There are times I think life is complicated. But then I fly through a gap in a fence without breaking stride and feel so happy, that I remember it is not that complicated after all.
Monday, March 3, 2014
The morning after I arrived, I got on my bike and took off without hesitation. After all, I knew this place well, I knew where I was going. But as I rode through the city it was as if my body was still tuned into one music station, while the streets played another. We were out of sync.
There is a frenzied, erratic, atonal feel to cycling here - or at least it strikes me that way after an absence.
There are skills and intuitions we develop through years of urban cycling. Quick reaction times. Keen peripheral vision. An instinct for evasive maneuvers. Anticipation of potential doorings, right hook turns and other rogue moves. The ability to "hover" and "creep" at intersections. We also grow desensitised to the scary fact of being, at all times, just inches away from a fleet of heavy moving vehicles that could easily squash us at any moment.
None of this has left me. I feel safe and comfortable riding in Boston. It's just that the rhythm of the city feels …foreign. And it insists upon itself, urging me to internalise it again.
My speed in the city is regulated by what the traffic patterns allow, more so than by my fitness level or by the kind of bike I ride. I had almost forgotten about this in rural Ireland, where changes in fitness translate into noticeable changes in speed, and where riding a faster bike cuts down on travel time considerably.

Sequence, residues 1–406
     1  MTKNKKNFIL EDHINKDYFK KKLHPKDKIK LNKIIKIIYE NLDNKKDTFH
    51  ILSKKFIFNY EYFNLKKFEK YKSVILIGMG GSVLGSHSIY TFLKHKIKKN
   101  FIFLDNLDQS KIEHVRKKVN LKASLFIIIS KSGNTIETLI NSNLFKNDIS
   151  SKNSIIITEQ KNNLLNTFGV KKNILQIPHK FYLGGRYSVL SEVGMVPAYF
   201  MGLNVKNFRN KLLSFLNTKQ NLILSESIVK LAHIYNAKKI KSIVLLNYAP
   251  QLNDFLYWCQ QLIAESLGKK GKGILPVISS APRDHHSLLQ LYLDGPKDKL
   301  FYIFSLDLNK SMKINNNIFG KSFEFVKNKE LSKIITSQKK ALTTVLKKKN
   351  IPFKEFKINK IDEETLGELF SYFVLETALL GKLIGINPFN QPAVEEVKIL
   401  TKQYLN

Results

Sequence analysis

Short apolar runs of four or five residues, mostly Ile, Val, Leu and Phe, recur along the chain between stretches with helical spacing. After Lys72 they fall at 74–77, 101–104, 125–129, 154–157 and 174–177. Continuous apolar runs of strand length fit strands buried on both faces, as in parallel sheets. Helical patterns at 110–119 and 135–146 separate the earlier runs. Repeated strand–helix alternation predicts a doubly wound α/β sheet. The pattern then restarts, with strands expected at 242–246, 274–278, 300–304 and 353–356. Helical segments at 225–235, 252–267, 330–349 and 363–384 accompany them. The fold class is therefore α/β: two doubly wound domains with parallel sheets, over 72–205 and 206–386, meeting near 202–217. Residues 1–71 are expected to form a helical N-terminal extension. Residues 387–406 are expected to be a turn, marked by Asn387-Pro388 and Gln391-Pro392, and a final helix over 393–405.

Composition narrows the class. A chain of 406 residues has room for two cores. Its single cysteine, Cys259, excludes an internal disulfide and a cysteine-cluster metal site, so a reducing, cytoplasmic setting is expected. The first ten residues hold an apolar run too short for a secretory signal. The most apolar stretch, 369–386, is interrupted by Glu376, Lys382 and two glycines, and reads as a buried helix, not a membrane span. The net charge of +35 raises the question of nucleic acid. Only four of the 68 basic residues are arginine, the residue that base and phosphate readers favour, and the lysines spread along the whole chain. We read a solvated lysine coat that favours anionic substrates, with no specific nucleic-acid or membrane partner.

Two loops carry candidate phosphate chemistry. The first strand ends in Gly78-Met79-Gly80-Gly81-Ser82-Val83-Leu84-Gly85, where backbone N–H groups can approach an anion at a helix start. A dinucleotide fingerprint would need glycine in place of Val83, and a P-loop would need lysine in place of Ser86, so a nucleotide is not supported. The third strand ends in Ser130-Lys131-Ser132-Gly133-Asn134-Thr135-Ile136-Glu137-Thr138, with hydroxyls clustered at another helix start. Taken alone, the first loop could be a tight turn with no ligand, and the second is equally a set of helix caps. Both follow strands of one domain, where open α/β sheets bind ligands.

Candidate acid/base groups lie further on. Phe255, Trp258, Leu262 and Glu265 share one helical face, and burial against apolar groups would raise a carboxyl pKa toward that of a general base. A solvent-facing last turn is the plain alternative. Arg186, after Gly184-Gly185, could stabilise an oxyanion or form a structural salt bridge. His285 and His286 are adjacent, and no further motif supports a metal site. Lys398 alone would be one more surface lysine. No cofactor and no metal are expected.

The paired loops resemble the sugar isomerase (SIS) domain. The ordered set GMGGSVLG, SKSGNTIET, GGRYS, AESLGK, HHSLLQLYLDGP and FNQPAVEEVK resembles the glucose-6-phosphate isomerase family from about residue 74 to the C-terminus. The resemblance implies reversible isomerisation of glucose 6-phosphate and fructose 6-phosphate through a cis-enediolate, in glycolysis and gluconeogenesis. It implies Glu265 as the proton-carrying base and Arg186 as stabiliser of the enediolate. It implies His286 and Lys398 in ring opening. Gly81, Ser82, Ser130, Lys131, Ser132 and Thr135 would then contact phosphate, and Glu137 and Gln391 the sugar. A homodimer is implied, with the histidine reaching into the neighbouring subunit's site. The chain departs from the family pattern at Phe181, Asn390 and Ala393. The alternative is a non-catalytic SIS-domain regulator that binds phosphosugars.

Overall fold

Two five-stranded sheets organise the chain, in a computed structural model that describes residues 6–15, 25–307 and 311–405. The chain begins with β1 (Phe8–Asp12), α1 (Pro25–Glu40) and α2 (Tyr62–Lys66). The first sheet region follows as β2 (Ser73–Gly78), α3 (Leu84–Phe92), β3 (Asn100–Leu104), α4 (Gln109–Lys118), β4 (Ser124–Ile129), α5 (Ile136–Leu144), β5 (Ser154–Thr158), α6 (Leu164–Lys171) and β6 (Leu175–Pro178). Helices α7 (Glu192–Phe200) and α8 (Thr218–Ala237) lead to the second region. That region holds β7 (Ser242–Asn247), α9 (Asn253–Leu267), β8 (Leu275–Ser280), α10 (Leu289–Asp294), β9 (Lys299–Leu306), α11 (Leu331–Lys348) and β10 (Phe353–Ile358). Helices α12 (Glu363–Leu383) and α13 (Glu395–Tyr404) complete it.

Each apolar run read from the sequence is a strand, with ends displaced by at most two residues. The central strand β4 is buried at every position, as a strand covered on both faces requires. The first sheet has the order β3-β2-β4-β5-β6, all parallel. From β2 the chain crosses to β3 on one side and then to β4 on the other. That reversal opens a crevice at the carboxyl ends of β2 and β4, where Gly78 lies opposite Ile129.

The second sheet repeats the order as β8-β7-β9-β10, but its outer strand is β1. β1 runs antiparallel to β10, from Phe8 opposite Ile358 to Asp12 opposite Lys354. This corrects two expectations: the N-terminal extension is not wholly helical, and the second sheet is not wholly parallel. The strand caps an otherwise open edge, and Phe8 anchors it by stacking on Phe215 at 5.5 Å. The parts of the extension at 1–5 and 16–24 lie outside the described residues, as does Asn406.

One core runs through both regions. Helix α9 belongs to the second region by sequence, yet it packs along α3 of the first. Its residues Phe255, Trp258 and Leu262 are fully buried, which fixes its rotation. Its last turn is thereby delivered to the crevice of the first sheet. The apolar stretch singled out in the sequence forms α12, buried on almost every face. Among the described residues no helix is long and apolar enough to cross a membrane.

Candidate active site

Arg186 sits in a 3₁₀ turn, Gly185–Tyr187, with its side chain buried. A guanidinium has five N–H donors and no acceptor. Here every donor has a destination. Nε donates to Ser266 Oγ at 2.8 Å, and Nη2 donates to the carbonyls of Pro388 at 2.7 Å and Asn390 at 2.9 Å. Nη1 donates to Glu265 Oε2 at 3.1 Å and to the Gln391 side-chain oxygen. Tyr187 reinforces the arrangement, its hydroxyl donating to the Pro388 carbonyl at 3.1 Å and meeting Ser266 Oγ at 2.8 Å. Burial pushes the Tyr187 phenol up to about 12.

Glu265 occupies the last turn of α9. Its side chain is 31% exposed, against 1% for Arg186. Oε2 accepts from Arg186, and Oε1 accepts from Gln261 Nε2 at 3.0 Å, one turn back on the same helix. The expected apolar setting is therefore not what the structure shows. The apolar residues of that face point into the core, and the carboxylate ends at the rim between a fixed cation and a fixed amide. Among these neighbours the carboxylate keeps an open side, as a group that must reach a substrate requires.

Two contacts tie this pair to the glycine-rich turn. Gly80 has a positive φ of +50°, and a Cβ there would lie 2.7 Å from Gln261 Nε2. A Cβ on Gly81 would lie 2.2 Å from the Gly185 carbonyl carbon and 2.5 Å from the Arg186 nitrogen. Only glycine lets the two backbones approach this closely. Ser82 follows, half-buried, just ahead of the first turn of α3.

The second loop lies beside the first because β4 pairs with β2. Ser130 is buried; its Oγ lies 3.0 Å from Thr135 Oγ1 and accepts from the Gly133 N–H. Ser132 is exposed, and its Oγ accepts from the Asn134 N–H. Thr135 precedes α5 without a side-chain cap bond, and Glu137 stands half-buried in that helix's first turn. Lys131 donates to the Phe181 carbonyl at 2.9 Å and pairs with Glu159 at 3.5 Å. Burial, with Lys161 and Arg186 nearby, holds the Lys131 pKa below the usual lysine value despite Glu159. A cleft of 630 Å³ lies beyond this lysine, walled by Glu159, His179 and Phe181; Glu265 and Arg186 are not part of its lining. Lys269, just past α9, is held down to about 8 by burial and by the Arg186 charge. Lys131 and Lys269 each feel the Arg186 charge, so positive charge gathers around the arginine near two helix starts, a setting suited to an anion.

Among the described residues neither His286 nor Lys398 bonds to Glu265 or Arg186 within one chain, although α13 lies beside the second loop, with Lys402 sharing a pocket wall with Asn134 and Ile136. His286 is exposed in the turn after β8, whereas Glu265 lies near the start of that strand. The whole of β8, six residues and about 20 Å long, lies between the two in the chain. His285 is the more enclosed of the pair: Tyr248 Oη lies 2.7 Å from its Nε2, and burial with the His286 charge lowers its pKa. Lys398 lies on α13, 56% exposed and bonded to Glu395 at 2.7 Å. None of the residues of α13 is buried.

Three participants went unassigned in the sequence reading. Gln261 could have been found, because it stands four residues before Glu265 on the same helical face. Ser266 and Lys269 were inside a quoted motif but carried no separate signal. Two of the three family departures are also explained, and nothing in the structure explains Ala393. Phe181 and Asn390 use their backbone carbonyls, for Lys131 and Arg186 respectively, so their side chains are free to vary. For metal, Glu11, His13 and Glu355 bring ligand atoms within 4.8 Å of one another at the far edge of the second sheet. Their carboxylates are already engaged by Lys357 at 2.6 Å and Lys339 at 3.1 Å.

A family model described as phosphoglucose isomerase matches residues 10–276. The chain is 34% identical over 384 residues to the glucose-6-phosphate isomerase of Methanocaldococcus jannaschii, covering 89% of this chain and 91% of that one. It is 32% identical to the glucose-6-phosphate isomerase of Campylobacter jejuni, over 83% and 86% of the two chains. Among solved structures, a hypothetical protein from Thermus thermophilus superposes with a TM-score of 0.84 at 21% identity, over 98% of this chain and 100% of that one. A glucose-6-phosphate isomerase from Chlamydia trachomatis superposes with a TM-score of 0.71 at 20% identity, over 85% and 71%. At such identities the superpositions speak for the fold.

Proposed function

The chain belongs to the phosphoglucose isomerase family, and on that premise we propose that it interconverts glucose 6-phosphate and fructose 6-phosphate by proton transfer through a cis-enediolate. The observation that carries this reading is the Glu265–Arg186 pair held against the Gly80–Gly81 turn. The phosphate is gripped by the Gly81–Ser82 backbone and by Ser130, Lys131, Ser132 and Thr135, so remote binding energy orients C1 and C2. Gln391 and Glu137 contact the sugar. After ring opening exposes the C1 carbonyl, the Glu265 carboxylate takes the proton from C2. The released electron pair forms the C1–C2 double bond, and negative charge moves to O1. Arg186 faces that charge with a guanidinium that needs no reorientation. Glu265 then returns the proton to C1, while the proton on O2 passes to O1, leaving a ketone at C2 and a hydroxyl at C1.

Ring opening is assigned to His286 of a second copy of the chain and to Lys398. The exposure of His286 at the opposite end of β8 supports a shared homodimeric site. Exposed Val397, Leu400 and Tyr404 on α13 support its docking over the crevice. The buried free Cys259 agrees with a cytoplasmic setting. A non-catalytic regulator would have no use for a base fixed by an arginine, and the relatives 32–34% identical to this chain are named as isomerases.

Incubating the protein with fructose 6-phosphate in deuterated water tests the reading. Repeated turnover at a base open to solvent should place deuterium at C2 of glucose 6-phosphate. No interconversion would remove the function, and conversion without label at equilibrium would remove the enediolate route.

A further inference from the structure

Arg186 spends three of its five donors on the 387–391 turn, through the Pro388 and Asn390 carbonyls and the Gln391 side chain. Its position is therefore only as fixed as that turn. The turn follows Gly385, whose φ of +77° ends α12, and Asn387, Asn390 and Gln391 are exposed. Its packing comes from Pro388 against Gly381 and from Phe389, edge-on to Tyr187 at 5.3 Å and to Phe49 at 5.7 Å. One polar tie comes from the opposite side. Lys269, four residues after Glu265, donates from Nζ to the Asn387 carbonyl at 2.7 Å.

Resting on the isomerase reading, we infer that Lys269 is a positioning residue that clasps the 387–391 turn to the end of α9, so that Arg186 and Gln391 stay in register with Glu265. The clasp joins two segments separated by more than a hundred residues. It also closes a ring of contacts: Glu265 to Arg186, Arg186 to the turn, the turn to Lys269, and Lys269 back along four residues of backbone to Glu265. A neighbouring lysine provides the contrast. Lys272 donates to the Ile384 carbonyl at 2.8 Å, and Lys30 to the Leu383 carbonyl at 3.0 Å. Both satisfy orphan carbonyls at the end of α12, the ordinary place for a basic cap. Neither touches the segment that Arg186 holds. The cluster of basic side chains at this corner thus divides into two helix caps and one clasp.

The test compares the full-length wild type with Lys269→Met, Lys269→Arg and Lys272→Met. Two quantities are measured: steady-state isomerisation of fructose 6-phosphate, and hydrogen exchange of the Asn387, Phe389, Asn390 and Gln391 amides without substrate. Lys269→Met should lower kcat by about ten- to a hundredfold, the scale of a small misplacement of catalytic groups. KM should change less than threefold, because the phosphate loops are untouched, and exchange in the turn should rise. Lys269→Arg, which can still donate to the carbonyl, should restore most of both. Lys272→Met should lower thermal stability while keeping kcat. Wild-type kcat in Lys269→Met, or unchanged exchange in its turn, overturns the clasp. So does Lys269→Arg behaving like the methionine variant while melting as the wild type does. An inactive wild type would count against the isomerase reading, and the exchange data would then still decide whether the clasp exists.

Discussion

And maybe that is at the heart of what I'm struggling with here: Giving up control to the city and its fitful, fascinating rhythms.
Friday, February 14, 2014
Tuesday, February 11, 2014
Proper snowfall is so unusual here, that even when the first flakes began to float, landing on my coat and hat playfully, I did not think much of it and kept pedaling the eagerly creaking machine. These flurries would not last long.
The weathered cement lane, with its occasional outbursts of moss, became now a soft swooshy path, pristinely white. With my tire being the first to disturb it in this state, I felt a twinge of regret over ruining such unspoiled beauty. But this regret was short lived, as the bicycle took to the snowy surface as if they were meant for each other. The expression "like a ton of bricks" comes to mind. In a good way. Heavy and slow to react, the beast pushed onward persistently, its tattered tires gliding on fresh snow with an air of even-tempered striving. A complete unknown to me, this machine could have let me down, and I'd been fully prepared to walk it home. Instead, it almost seemed to savour the harsh weather conditions, enjoying the opportunity to show its mettle. "I am no novelty bike. Just look at what I can do!"
An hour later, the snowfall ended, the fog dissipated and the temperature rose. The snowdrops began to peek out again. The sun made a tentative re-appearance. Only the white caps of the mountains showed evidence of what had gone on. Soon, they too will melt, like the thin crust of snow now sliding off of the Triumph's spokes and chaincase, liquifying into puddles in the shed. A short, but intense winter burst that leaves me curious to ride this old bike in good weather.